Heavy-Handed Police Action in Mukalla! DOUBLE STANDARDS? [Archives:1997/46/Last Page]

November 17 1997

The city of Mukalla has become a hot spot for anti-regime demonstrations these days. Day after day, varying number of citizens have taken to the streets protesting against the authorities. The military commander of the region, in collaboration with the governor and other senior officials, ordered soldiers to take positions in order to control the demonstrations. As a precautionary measures, many of the political leaders have been arrested. At last count, there were some 22 persons in jail because of ‘their efforts in inciting the general public’. In addition, tactics involving harassment and intimidation have been used to bring about ‘law and order’.
Due to this recent development in Mukalla, and because of the bomb explosions in July and october in Aden, the number of southern political activists who languish in the jails of Yemen is rising steadily. A quick visit to some of the prisons, like the jail next to the Investigations Office in Sanaa will give a clear indication. Many of these people, including some businessmen, are held up in jail for months based on allegations that they are presently involved in, or are financing anti-state activities. As a matter of fact, the rash of bombs that hit Aden during July and October, 1997 cannot be but terroristic in nature. The terrorists and other associated criminals have to be dealt with. But, that does not mean using torture and indefinite imprisonment without trial. The rights of those accused need to be protected. Some of them have been in prison for months without having been brought to trial. This contradicts the laws of Yemen. Nobody is asking the government to be soft on terrorists or criminals or other law-breakers. But, if the authorities break the law themselves, how can they have the upper moral hand in this duel? It is absolutely imperative that the laws of the land are respected, and the first action in that direction is to hold public trials for those accused of the offence.
There is another dimension to this business. At the same time that the authorities are acting tough on the southerners who are accused of breaking the law, they are visibly soft on the many northern tribes which have acted against the system, and against law and order. Many northern tribes have kidnapped foreigners, cut off main highways, attacked government posts and looted them, etc. Yet, no real or serious action has been taken by the authorities against them. The legitimacy of any system is based on certain legal and moral values. Key among these is the concept of equal treatment of citizens, irrespective of their geographic, racial or tribal backgrounds. In the way the Yemeni authorities are handling themselves at the moment, one can safely conclude that there is no equal treatment of citizens. There are those who will claim that the authorities do not actually engage in discrimination among Yemeni citizens based on a premeditated policy. If that were the case, the officials need to do something tangible to prove it.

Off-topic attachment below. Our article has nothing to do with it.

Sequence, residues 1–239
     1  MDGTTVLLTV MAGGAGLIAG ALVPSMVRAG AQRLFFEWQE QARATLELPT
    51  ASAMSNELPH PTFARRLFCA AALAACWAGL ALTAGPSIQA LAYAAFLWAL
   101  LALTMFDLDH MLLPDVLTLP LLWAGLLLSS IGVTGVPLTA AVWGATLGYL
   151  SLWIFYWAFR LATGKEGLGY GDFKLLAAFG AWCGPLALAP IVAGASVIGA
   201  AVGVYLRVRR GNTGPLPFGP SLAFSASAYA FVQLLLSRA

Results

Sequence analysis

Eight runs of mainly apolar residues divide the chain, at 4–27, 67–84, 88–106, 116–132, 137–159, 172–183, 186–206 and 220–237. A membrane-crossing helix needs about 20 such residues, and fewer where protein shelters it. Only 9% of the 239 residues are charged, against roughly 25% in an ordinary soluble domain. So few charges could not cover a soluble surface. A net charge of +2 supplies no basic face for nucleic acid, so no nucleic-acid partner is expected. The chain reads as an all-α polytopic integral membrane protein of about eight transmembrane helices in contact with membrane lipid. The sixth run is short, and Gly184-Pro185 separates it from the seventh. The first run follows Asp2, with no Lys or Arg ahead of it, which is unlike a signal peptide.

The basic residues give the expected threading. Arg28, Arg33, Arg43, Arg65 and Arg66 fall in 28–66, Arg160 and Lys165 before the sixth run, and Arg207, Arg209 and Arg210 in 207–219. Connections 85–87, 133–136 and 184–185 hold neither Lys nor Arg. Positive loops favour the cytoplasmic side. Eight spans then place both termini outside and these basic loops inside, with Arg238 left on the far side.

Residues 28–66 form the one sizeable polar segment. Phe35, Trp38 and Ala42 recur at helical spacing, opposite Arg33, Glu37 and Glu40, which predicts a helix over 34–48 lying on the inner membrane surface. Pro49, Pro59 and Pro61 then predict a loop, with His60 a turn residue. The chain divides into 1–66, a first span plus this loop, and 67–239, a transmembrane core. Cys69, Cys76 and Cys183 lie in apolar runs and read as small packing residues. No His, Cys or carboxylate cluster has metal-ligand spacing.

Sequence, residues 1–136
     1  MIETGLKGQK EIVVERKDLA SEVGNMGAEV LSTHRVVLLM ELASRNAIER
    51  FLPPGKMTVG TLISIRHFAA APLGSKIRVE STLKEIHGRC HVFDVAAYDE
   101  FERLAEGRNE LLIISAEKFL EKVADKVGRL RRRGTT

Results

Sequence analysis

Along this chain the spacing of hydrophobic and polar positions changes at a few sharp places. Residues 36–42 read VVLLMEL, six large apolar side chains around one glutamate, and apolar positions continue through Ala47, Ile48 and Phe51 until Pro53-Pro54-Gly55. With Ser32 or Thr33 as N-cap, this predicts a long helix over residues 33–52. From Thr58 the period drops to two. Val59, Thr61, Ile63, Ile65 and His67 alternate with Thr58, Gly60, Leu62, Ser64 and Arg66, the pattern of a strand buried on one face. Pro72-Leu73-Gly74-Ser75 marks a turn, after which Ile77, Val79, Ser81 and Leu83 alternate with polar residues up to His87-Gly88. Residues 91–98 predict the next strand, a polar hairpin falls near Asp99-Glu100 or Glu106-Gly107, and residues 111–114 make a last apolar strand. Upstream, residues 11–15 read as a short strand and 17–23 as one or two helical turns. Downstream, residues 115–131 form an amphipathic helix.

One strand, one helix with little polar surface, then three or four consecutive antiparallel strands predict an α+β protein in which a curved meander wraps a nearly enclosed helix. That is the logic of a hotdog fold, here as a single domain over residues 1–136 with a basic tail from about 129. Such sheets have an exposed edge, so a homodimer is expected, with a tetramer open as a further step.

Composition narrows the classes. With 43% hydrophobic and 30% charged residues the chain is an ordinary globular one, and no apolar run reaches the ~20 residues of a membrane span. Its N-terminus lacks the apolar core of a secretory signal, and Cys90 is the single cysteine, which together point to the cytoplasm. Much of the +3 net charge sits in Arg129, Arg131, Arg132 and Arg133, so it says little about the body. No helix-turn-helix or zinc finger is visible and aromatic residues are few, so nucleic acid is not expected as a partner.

There are also those who might say that the discrimination is not really due to geographic or tribal origin of the citizens; but due to the perceived brute force and power of the people to fight back. In other words, the state avoids getting into confrontations with armed tribes, while it victimizes unarmed civilians. If that is true, then this rotten policy invites civilian Yemeni citizens to start carrying arms and to fight the state. Whatever the case, a large majority of the Yemeni people feel they have an unjust security system. To add insult to injury, the security apparatus is also inefficient and highly corrupt. The people of Mukalla, Aden and other southern cities, and even the citizens of other cities in the northern republics have the right to express their disgust with the politicians and the system. By applying a heavy-handed approach, the authorities will not solve the problem. They’ll simply make things worse!